Seafarers are the lifeblood of global shipping but they are often overlooked by the world and even their own nations
Pic by TMR FILE PIX
MALAYSIA’S economic development is heavily dependent on maritime commerce, owing to its strategic location in the centre of Asian trade routes between the Indian and Pacific Oceans.
Considering shipping conducts such a significant portion of global trade, it may be considered one of Malaysia’s key driving forces.
Malaysia’s government prioritises maritime transportation as part of the country’s goal of achieving the industrial revolution.
According to United Nations Conference on Trade and Development’s Review of Maritime Transport, Malaysia ranked 31st in the world in terms of fleet ownership by deadweight and 23rd in terms of leading flags of registration by deadweight in 2020.
Significantly expanded freight volumes must be handled securely and effectively between origin and destination, necessitating the appointment of skilled seafarers.
Seafarers are the lifeblood of global shipping. Every seafarer is expected to maintain a high degree of competency to always ensure the ship’s safety.
Unlike most other professions, seafaring requires individuals to leave home and spend substantial periods of time working at sea, isolated from normal life.
Nevertheless, seafarers are considered a neglected profession, overlooked by the world and even their own nations.
Their efforts are frequently made behind closed doors. However, many people are unaware of the importance of seafarers, resulting in seafarers not receiving the necessary support.
The Covid-19 pandemic further highlights the struggle of seafarers. We should take a glance around and ask, who is supporting our seafarers? And who is truly assisting in bringing about constructive change for their career?
Numerous of them have been impacted by crew changes and are unable to sign off on time.
Along with the problems encountered by seafarers, there is no longer any shore leave allowed, there is a requirement for a lengthy quarantine period that is often unpaid, and they may have encountered issues boarding the ship.
Malaysia have demonstrated its effectiveness in adapting health laws to meet the country’s needs, yet why do seafarers need to undergo a lengthy process to complete all the procedures for embarking or disembarking the ship.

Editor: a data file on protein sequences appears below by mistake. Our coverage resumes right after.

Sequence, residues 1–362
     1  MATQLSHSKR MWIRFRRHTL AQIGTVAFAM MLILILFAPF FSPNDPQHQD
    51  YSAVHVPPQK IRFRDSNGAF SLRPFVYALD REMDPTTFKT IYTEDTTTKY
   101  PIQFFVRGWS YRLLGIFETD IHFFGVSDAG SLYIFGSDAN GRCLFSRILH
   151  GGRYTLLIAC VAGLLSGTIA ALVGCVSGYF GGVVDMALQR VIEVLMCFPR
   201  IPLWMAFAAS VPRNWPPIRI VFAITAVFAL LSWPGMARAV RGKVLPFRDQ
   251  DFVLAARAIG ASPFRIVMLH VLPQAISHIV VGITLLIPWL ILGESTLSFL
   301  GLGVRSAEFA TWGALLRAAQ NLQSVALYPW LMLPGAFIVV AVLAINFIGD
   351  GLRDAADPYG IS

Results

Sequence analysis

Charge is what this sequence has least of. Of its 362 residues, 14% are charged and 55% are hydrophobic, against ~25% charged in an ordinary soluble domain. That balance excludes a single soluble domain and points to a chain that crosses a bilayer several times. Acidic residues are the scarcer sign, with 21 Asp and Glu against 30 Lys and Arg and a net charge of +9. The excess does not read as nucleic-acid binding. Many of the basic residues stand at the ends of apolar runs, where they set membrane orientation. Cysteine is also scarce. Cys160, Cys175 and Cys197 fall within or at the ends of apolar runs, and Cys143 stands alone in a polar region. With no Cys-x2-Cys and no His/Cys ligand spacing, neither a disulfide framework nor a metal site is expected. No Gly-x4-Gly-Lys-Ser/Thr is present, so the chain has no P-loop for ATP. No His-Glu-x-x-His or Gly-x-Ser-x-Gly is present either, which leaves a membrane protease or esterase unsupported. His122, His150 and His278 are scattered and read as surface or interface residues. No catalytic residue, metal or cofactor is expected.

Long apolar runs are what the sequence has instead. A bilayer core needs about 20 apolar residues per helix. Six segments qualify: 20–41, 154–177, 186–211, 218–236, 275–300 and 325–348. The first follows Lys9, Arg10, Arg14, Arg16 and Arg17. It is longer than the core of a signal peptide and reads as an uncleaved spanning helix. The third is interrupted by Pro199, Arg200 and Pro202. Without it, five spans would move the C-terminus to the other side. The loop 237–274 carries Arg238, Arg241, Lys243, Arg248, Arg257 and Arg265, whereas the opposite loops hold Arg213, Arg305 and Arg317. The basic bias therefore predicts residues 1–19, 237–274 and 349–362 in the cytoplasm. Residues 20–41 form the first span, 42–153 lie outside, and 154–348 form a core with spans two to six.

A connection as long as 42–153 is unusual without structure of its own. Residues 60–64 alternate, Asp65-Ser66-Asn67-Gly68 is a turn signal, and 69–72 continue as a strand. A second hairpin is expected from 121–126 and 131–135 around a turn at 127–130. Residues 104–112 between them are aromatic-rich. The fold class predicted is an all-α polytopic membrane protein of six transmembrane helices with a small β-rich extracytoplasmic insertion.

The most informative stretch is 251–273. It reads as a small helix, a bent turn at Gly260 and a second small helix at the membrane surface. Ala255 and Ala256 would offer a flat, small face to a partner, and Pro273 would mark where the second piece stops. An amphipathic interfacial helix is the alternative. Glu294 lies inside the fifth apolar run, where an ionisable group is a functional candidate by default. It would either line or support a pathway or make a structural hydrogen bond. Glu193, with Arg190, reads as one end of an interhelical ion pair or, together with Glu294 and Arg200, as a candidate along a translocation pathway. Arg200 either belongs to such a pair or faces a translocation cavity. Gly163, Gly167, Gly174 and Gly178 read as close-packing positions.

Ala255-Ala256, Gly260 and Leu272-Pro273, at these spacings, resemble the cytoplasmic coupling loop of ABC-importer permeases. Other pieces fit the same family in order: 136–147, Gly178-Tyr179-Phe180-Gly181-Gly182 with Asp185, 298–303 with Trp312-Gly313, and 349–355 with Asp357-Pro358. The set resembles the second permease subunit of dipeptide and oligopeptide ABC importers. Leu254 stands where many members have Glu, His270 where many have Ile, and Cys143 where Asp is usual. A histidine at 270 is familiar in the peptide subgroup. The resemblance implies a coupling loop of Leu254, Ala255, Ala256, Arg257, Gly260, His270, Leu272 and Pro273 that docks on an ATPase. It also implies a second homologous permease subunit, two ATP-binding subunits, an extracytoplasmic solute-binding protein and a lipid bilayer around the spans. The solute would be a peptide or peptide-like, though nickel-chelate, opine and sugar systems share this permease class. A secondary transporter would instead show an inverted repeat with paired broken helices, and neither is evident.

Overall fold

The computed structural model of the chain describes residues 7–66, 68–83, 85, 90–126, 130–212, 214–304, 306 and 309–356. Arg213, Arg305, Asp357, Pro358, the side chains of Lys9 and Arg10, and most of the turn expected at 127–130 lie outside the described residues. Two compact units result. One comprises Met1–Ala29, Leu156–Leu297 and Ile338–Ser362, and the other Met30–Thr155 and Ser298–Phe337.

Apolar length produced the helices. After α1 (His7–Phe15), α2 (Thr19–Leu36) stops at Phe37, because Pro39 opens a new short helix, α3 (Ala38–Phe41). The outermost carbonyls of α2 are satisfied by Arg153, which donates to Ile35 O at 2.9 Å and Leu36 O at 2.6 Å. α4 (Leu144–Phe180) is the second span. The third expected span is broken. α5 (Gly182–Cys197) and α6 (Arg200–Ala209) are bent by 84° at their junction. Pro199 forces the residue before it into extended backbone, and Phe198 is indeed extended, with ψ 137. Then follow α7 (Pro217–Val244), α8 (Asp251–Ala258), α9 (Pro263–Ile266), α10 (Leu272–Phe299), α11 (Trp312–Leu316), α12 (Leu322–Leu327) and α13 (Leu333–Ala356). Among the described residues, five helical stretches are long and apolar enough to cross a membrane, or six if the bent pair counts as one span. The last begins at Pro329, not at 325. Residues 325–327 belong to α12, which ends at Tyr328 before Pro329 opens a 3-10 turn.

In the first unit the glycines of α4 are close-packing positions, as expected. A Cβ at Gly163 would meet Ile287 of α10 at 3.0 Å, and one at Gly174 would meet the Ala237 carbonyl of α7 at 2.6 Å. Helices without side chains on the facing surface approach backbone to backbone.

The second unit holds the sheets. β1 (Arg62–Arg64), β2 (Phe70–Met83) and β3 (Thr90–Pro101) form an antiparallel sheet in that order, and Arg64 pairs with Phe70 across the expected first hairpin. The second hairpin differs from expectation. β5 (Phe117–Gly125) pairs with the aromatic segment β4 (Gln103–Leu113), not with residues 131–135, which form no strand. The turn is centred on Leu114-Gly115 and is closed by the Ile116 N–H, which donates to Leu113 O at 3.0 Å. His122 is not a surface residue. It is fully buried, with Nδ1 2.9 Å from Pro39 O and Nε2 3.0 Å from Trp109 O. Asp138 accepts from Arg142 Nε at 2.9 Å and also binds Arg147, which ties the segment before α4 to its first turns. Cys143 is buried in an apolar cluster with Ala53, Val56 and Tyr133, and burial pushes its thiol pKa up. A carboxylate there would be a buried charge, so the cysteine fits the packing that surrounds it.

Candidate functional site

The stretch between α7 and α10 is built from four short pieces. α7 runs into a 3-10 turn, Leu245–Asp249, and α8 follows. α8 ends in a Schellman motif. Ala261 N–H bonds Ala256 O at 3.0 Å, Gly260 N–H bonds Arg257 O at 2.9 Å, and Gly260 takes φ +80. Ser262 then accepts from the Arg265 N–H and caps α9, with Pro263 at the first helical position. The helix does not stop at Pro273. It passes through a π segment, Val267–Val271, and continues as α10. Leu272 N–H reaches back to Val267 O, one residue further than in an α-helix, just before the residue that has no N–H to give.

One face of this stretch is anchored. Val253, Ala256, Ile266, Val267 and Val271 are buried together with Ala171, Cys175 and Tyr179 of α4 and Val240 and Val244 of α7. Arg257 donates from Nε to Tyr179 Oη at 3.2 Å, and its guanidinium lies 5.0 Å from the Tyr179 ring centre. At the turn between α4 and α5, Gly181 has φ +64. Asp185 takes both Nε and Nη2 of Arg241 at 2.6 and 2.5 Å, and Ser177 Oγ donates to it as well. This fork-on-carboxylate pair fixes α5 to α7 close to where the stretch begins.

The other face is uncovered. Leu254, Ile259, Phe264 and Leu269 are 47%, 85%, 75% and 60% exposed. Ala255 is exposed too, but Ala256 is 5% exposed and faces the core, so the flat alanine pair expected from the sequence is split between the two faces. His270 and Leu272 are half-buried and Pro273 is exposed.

Concerns about their mental and physical wellbeing should not be overlooked due to the extended period of time spent on board ship.
Fatigue, depression and panic attacks impair an individual’s capacity to accomplish duties properly and safely. As a result, assisting them in coming home, visiting their family and being with our loved ones is vital.
The relevant maritime stakeholders, namely shipowners, seafarers’ organisations and other NGOs, must give high commitment and share their interest with relevant government agencies to provide comprehensive and coherent guidance to limit the impact of the pandemic on seafarers.
It is truly said that seafarers are vital elements of the maritime industry who have worked tirelessly to maintain the global supply chain operating and that abandonment should not occur.
They are the unsung heroes of the outbreak, who have persisted through hardship to deliver supplies and essentials to our homes, despite health concerns and international travel restrictions.
Thus, they deserve heartfelt gratitude for their dedication and contributions to society as well as for being the strong pillars of the global maritime trade and supply chain.
The government and its agencies must collaborate closely with all stakeholders to assist the wellbeing and welfare of seafarers.
Seaborne trade is predicted to still grow at annual rates of a minimum of 3% to 4% by 2030, and if we do not provide them with fair working conditions, they will seek a better job onshore, and thus the high demand for professional seafarers to serve the shipping sector will never be fulfilled.
A competitive and sustainable maritime industry is in Malaysia’s long-term interest and essential to the nation’s prosperity. It is probably time for us to treat them with the respect and value they deserve; otherwise, hiring foreign seafarers to support the local economy would be a huge loss for the country.
- Dr Izyan Munirah Mohd Zaideen is senior lecturer at the Faculty of Maritime Studies, Universiti Malaysia Terengganu.
- Captain Mohd Faizal Ramli is a seafarer and EHS marine specialist in oil and gas sector.
The views expressed are of the writers and do not necessarily reflect the stand of the newspaper’s owners and editorial board.